Medical device companies should also include industrial design registration as part of their overall IP strategy. Medical devices that deliver medicinal products can be, and are very often, protected by registered designs. Registering the design of a device is a relatively fast and inexpensive way of protecting the entire three-dimensional feature of the medical device or parts of its design. Such registration can be used to stop competitors making or selling a similar looking product. The relatively quick registration rate of industrial designs allows the rights owner to prevent sale of imitations by counterfeiters when the corresponding patent application is still pending and cannot be enforced. Industrial designs have been registered for medical devices in South-East Asia include blood sampling devices, diagnostic devices, implant delivery tools and respiratory masks.

Don’t forget to protect your brand

Trade marks is a business asset that businesses can rely on to provide long term competitive differentiation amongst their competitors. Historically, brands have promised quality and reliability, features that are especially valued in the medical device & healthcare industry where products and services directly affect the well-being of the user. Branding is thus essential in the medical device and healthcare industry. Securing ownership of the trade marks via registration of trade marks that will be used in the region is a crucial first step in ensuring the smooth implementation of the branding strategy.

SMEs should also keep in mind that registering a version of the trade mark in the local script used in the South-East Asian countries of interest is strongly recommended because registering trade mark in Roman alphabet does not automatically protect the brand name in local script. Furthermore, in the absence of a brand name in local script, local people will most definitely come up with a name themselves, which might not be favorable to the company.

R&D and joint product development: How to protect your IP

With the growing demand for medical devices and healthcare options, South-East Asia region is becoming a hub of research and innovation activities. In the field of medical devices and healthcare, few local governments, for instance as in the case of the Singapore, Thailand and Malaysia, governments have launched a series of incentive schemes, including tax-relief and training grants towards attracting foreign medical device manufacturers.

EU SMEs intending to establish R&D operations in the South-East Asia region will need to have an IP strategy that anticipates and manages IP issues arising from the research. Ideally, the IP strategy addresses issues relating to ownership of and right to use the IP, procedures for identification, evaluation, protection and management of IP, procedures for cooperation with third parties, guidelines on the sharing of profits from successful exploitation; and mechanisms to ensure respect for third-party IP rights.

An effective IP strategy would include measures to:

  • Ensure that all externally sourced research or software is properly licensed, and that the ownership and direction of all IP is clearly laid out from the start.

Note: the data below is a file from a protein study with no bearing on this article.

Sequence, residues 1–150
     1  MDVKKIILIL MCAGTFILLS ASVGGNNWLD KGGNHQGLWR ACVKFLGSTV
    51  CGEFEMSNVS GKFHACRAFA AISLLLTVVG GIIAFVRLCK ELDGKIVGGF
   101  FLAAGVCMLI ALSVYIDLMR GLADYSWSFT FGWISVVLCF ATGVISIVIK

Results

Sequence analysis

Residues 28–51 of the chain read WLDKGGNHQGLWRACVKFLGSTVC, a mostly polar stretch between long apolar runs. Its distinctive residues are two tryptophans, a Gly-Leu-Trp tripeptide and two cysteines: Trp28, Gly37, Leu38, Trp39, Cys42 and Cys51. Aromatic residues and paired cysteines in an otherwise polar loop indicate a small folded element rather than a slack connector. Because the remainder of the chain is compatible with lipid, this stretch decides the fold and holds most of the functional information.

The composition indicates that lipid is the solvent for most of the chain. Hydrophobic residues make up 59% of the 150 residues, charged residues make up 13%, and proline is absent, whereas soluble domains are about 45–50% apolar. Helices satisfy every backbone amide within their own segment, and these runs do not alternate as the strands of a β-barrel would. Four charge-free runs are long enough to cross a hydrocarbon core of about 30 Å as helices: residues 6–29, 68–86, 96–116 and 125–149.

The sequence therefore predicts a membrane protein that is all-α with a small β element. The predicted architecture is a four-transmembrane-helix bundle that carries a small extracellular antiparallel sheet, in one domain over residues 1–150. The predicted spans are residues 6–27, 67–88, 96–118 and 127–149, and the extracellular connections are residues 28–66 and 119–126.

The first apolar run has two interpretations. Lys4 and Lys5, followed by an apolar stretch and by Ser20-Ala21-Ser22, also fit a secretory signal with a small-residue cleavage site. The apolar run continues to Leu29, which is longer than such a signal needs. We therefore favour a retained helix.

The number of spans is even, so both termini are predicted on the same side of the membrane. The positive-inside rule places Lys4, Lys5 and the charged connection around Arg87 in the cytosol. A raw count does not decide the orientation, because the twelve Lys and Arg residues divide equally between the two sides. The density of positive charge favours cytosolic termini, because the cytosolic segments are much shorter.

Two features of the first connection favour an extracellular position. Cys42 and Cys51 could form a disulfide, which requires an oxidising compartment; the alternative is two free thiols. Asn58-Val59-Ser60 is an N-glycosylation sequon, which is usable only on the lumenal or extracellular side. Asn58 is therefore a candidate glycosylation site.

• Establish clear ownership of copyright material, such as test results, and the creation of data. Test results can significantly steer research direction and affect the commercial life of products. It is also important to keep such information confidential so that it doesn’t fall into competitors’ hands.
  • For R&D conducted in collaboration with local research institutions and universities, or together with other companies in the private sector, ensure that the ownership of intellectual property arising from the research is clearly defined between all parties before research takes place. This can be regulated by written contracts among the parties. It is also very important to regulate the ownership of IP that can derive from improvements of applied research. As a practical tip to avoid issues of joint ownership of IP, when possible, EU SMEs may wish to arrange for the IP to be owned by the company paying for the research.
  • Ensure that all parties involved in the research collaboration are notified before allowing the research institute/university to publish academic papers relating to the research. The publications must also be reviewed to ensure that they do not compromise the patentability of the technology

South-East Asia IPR SME Helpdesk Team

SEA IPR logo

The South-East Asia IPR SME Helpdesk supports small and medium sized enterprises (SMEs) from European Union (EU) member states to protect and enforce their Intellectual Property Rights (IPR) in or relating to South-East Asian countries, through the provision of free information and services. The Helpdesk provides jargon-free, first-line, confidential advice on intellectual property and related issues, along with training events, materials and online resources. Individual SMEs and SME intermediaries can submit their IPR queries via email (question@southeastasia-iprhelpdesk.eu) and gain access to a panel of experts, in order to receive free and confidential first-line advice within 3 working days.

The South-East Asia IPR SME Helpdesk is co-funded by the European Union.

To learn more about the South-East Asia IPR SME Helpdesk and any aspect of intellectual property rights in South-East Asia, please visit our online portal at http://www.ipr-hub.eu/.

[1]https://www2.deloitte.com/content/dam/Deloitte/sg/Documents/life-sciences-health-care/sea-lshcpredictions-2020-sea-supplement-noexp.pdf

[2] http://sea-globe.com/southeast-asians-drive-medical-tourism/

Leave a Reply